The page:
A SAILOR, AN OBELISK AND A PAPAL PROMISE
It is time once again to tell you the marvelous story of how a sailor from Liguria saved an obelisk from falling and extracted a papal promise of an honor for his native city.
In 1586, Pope Sixtus V, wanting to complete the design of St. Peter’s Square, ordered architect Domenico Fontana to place in the center of the square a giant Egyptian obelisk that had been brought to Rome in 39 A.D. by Emperor Caligula. For centuries it has been in the emperor’s circus in what today is Vatican City, and moving the obelisk from that point to the center of St. Peter’s Square would be a Herculean task.
The obelisk had been in the Vatican gardens, near the first Constantinian basilica (dedicated in 326), and had lain there, forgotten, for many years under layers of mud and stagnant water. Giacomo della Porta was asked by Sixtus V to recover the obelisk and, struck by its majestic beauty, the Pope asked that engineers study a project to raise the obelisk in St. Peter’s Square.
On September 10, the day the 85-foot high, 350-ton obelisk was transported by 900 workers, 140 horses and 44 winches, Benedetto Bresca, a ship’s captain from the Italian Riviera area of San Remo-Bordighera, was in the square.
The head engineer had told Pope Sixtus that total silence was needed to raise the obelisk, once it was in the square. Thus, the Pope announced to the huge crowd that had assembled to watch the manoeuver that anyone who spoke during the delicate and risky operation would face very severe penalties.
As work was underway, the ropes used to raise the obelisk gave signs of fraying and weakening and the obelisk itself began to sway. However, Benedetto, as a sailor, knew what the problem was – and how to solve it – and so, notwithstanding the pontiff’s ultimatum, he shouted “water on the ropes, water on the ropes.” The head engineer realized the sailor was right, the ropes were watered, they became taut and strong and the obelisk was raised, without further danger to anyone.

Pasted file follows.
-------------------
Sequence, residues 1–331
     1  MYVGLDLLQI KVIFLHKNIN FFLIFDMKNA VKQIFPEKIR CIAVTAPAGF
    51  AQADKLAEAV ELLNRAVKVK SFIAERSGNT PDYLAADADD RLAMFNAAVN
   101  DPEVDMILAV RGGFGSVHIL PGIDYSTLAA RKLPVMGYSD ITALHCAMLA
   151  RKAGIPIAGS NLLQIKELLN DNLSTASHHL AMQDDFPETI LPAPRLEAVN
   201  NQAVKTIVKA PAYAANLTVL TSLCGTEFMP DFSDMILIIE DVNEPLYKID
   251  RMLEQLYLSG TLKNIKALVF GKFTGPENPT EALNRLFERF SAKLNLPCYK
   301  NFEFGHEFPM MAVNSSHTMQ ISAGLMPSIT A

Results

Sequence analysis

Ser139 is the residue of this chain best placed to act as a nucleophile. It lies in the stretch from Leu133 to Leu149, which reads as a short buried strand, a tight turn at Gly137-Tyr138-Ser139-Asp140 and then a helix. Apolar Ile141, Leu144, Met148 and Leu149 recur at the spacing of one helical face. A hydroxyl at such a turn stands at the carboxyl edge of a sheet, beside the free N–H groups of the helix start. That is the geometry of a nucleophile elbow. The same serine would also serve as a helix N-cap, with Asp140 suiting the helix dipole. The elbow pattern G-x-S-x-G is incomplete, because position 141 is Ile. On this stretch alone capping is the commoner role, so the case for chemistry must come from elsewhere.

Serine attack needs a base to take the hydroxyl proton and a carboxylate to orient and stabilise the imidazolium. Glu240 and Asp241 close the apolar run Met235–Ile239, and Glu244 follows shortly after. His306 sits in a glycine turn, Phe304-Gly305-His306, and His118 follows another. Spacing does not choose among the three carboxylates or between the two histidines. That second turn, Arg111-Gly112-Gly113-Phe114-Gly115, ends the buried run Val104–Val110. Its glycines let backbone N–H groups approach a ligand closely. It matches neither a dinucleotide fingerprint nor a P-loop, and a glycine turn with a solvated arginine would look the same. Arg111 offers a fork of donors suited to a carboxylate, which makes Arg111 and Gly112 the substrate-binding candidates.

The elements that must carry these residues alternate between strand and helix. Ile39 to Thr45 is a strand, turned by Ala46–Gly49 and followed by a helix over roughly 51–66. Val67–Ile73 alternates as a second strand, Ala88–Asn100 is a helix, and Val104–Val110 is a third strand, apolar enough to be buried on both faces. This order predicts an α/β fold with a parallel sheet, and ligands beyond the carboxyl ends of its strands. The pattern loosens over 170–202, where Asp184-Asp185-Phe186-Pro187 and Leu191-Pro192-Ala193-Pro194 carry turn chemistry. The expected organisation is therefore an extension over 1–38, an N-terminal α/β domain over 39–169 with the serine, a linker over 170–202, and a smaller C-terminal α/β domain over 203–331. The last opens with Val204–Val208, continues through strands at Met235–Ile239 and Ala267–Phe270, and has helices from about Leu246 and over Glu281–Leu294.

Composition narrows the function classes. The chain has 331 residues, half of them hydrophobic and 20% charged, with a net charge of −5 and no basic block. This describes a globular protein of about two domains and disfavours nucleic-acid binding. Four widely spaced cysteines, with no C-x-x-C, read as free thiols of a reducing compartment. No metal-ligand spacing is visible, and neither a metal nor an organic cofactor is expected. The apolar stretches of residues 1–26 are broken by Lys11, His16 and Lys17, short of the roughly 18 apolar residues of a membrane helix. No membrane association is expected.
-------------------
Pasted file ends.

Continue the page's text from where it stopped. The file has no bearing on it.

Instead of punishing the audacious sailor, Pope Sixtus rewarded him by giving Benedetto and his descendants the privilege of providing the Vatican with the famous Ligurian palms used for Holy Week ceremonies in the Vatican. And so it has been for over four centuries, with only a few brief interruptions.
Known as parmureli, the leaves from date palm trees in San Remo and Bordighera are woven and braided into intricate sculptures, some only inches high, while others are perhaps two meters high. (photos from Cosa sono i Parmureli? – Sanremofiorita)
Some years, more than 200 of the six-foot high parmureli are sent to the Vatican from Liguria for Palm Sunday – for the Pope, cardinals, archbishops, etc. (Vatican photo 2022)
Many years ago, when the parmureli arrived by sea, the ship that carried them placed one of the palm leaf sculptures on the mast that usually displayed a flag. The palm “flag” thus gave that vessel from San Remo-Bordighera precedence into the port over all other vessels.
This is one of my favorite stories to tell young children (have photos handy) and teens and everyone who visits Rome.
I also did a “Joan’s Rome” video with this story: Joan’s Rome – St. Peter’s Square Obelisk – YouTube